Part-time instructors at Western Michigan University are protesting a breakdown in contract negotiations.
The university has asked the Michigan Employment Relations Commission to arbitrate the dispute. Rob Zimmer is a spokesman for the Part-Time Instructors Organization. He told university trustees on Thursday, June 24, that Western isn't treating its members fairly.
"Some among the leadership of WMU are guided by a belief that we are little more than a temporary, disposable, contingent workforce whose contribution is limited to a few 'gateway' courses and that we're undeserving of equitable consideration. Nothing could be farther from the truth." Zimmer says so-called "gateway" classes are critical to the university's future.
"These are the courses that students take when they're exploring their futures. And if any of us thinks back to our early college days, we can probably recall either hearing about or experiencing first-hand the impact that a bad experience can have on a student's decision-making."
The university's labor negotiator told MLive that the union's request for a significant pay increase is, in her words, "excessive." But Zimmer says that's not true.
"At less than one percent of the budget, this is hardly the case. This is a misleading narrative that pits part-time instructors against students and families. We are some of those families and some of those students may well be our children."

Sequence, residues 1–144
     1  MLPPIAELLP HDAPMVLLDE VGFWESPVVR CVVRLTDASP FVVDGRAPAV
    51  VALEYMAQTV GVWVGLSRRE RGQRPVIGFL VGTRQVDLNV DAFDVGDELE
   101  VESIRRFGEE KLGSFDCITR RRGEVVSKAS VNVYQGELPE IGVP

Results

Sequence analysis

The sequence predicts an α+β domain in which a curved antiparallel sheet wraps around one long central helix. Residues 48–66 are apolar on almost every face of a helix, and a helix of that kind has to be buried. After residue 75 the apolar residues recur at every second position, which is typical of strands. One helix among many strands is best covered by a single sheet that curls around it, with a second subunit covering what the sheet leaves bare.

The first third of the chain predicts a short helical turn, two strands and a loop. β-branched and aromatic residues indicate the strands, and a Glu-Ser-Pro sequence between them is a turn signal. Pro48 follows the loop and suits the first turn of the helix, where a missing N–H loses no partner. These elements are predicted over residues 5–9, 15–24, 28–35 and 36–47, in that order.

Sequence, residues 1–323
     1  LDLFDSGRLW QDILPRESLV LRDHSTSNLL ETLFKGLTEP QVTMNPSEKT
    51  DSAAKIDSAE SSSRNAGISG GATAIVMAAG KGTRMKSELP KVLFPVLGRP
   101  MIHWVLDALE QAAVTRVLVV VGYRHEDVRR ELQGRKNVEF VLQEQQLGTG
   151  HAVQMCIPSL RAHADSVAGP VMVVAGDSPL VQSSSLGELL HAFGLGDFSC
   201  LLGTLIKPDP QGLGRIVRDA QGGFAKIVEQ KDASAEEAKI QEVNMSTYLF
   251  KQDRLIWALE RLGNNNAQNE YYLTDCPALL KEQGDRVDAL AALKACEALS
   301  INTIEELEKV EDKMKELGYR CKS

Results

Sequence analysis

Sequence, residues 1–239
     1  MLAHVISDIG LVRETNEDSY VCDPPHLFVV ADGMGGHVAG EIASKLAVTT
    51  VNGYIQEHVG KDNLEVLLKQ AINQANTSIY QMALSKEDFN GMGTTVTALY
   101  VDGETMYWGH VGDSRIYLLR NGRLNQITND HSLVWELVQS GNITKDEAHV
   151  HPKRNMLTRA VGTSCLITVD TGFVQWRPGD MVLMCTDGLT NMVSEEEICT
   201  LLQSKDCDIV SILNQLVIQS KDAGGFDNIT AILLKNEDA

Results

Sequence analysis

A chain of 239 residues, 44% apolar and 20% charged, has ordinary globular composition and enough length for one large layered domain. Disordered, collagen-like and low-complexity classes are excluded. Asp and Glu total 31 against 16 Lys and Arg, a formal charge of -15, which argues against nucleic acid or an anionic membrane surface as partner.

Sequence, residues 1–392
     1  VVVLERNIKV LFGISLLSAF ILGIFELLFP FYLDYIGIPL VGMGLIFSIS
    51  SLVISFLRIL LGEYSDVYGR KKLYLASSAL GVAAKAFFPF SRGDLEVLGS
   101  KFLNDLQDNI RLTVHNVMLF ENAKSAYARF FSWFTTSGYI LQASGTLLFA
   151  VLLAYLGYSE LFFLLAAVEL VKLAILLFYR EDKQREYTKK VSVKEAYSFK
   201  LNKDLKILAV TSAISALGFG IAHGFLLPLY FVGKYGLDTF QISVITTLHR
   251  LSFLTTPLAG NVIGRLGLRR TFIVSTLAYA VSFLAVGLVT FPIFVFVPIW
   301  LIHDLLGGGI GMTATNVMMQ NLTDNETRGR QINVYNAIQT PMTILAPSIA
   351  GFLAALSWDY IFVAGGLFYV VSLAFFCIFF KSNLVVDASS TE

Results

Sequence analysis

WMU officials say the university's part-time instructors are already paid more than the "market rate" in the region.
Tuition, Room and Board Rates Rising
Tuition at Western Michigan University will go up this fall. University trustees approved the 3.2 percent increase for undergraduate students recommended by the administration. Western President Edward Montgomery says the move is necessary.
"The decision to set these rates is not taken lightly and made after careful consideration and comprehensive analysis. We understand the significance of these costs on our students and their families, and our operations team worked very hard to ensure that any cost changes are made with an eye on keeping and providing a quality education."
The university's vice-president for business and finance, Jan van der Kley, says the increases are relatively modest.
"Being mindful of pressures on our students and families, this is one percent lower than the tuition restraint language that's currently being proposed by either the governor or the State Senate."
The tuition increase will cost a typical student an extra $417 a year. Western is also raising room and board rates as well as rent at two of its three campus apartment complexes. The university did not raise tuition or room and board rates last year because of the pandemic.